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27-03-2012 | Legal medicine | Article

Community-based services for children dying from nonmalignant diseases are under-resourced


Free abstract

MedWire News: The community-based services available to children dying from nonmalignant diseases are poorer than those available to children dying from malignant diseases, shows research.

When bereaved parents were asked about the care their children had received at end of life, some major differences arose between the accounts of parents of children who had received nonmalignant diagnoses and those who died from cancer.

"Within the context of a vast spectrum of clinical need, existing research focuses predominantly on the care of children with cancer," explain Jayne Price (Queen's University of Belfast, UK) and colleagues. "However, children with non-malignant conditions constitute 60% of those requiring palliative care and early indications suggest distinct needs related to the protracted and sometimes unpredictable nature of their conditions."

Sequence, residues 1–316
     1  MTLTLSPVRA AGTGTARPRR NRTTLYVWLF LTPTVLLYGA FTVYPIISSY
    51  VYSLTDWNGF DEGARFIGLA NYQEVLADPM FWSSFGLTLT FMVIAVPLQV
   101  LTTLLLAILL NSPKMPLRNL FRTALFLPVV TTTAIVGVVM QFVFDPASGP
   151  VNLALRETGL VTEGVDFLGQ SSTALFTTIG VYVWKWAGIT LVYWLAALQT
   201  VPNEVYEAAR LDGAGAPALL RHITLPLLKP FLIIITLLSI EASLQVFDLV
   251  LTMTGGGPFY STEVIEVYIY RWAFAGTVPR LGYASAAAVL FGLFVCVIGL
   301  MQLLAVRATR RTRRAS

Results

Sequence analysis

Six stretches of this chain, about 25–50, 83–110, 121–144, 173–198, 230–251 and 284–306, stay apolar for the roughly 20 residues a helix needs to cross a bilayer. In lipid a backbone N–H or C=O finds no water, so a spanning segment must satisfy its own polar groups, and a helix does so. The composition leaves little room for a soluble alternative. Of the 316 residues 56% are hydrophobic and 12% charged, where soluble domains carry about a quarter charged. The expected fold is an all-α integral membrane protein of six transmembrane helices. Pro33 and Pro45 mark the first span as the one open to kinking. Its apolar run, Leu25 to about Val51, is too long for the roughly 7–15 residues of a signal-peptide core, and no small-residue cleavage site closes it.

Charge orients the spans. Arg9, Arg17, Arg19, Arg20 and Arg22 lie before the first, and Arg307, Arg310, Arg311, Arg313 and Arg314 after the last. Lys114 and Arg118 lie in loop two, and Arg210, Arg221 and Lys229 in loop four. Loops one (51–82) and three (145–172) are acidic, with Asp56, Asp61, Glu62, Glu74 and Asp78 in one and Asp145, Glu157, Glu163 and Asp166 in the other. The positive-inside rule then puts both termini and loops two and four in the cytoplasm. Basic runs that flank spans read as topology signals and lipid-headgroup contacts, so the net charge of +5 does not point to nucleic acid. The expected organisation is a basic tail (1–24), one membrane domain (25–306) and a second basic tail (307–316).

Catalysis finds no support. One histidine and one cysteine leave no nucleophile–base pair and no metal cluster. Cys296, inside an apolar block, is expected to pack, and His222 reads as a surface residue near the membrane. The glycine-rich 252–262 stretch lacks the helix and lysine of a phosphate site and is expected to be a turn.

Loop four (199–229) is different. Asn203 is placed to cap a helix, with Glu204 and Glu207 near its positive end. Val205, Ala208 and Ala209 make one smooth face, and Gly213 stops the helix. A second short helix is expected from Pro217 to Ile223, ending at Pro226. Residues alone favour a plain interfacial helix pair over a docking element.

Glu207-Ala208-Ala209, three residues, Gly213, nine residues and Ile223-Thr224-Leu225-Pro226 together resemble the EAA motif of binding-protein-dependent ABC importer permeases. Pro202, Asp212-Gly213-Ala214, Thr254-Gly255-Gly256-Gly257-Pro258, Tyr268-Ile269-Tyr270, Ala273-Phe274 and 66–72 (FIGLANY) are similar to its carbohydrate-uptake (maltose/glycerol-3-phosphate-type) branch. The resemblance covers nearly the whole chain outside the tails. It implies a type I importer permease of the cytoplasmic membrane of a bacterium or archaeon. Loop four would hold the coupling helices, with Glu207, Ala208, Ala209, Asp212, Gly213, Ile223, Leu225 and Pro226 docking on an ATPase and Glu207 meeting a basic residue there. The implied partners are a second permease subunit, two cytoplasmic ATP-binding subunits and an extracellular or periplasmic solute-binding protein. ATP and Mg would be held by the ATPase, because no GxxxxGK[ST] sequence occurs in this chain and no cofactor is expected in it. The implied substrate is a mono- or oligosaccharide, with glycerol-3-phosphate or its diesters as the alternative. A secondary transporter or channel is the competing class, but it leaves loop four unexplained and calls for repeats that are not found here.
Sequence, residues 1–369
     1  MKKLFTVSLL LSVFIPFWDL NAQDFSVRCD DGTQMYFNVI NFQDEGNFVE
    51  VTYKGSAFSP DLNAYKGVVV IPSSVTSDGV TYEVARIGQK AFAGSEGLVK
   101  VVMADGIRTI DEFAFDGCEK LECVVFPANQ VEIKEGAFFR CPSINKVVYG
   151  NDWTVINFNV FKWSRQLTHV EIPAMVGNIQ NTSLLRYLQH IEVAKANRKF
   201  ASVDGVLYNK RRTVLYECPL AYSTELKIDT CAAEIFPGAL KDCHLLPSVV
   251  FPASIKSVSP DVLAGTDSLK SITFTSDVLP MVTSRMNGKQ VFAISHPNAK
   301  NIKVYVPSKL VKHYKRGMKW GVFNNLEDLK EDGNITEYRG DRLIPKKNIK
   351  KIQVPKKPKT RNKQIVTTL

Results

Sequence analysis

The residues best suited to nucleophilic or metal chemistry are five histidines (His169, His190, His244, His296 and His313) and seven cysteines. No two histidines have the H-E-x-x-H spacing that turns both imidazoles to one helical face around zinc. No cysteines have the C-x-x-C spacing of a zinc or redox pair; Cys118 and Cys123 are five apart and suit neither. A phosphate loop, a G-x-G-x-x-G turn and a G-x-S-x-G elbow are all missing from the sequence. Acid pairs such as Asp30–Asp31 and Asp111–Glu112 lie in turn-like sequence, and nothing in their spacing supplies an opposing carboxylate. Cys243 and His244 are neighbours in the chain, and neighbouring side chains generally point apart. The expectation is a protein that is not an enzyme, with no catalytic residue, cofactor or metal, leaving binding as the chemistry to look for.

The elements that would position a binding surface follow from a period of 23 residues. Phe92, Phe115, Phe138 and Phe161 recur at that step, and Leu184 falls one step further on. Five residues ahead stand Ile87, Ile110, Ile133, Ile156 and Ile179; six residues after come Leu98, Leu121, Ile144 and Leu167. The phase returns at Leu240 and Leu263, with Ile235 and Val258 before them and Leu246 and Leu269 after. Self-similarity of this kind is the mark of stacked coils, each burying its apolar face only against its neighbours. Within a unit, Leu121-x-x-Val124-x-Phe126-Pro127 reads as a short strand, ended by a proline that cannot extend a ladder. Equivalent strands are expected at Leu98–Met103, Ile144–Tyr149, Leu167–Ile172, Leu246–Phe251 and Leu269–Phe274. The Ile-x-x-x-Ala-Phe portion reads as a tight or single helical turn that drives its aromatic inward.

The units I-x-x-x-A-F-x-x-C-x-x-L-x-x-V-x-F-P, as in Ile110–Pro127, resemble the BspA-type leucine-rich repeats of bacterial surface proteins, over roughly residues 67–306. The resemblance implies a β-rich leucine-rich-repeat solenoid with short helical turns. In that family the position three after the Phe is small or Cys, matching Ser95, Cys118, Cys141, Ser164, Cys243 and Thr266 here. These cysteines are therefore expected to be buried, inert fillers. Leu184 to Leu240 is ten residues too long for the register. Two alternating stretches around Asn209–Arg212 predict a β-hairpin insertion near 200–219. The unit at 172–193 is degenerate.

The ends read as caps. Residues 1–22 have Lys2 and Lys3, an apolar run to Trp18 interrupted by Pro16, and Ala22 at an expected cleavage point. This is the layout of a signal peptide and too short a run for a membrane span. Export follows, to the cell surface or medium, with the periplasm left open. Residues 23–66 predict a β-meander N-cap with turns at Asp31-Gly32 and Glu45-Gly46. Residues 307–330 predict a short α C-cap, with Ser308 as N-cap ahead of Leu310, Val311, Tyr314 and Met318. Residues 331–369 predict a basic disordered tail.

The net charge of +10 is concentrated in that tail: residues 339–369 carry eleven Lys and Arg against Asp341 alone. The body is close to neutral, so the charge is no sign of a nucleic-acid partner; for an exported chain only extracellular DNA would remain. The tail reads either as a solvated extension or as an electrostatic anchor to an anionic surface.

The study, published in BMJ Supportive & Palliative Care, was a qualitative approach based on interviews with 25 bereaved parents after the deaths of 16 children; six from cancer and 10 from a nonmalignant condition.

The researchers found that the parents of children with cancer generally thought the care received at the end of life as well resourced and responsive to the child's and the family's needs. However, the parents of children with nonmalignant conditions said that services were under-resourced and not sufficiently responsive, say Price and team.

The researchers also explain that the responses of the parents of the cancer patients tended to be focused around the hope for cure; for the parents of children with nonmalignant conditions there was less emphasis on the possibility of a cure, but with the parents experienced more uncertainty and death was rarely anticipated.

They point out that both groups of patients used words such as "battle," "fight," and "struggle," but the parents of the cancer patients used them to describe the disease, whereas the parents of the children with nonmalignant disease used it to describe the provision of services.

Price and co-workers add that hospice services were most commonly used by the families with children with nonmalignant diseases, which they say past research has suggested is because most oncology centers have the infrastructure to support home care.

"What was unclear from parents' accounts was whether professionals other than those working in the hospice were aware of the criteria for hospice referral or, rather, were reluctant to mention hospice care to parents due, for example to its perceived link with death. Such issues need to be explored both in practice and in future research," say the researchers.

By Chloe McIvor

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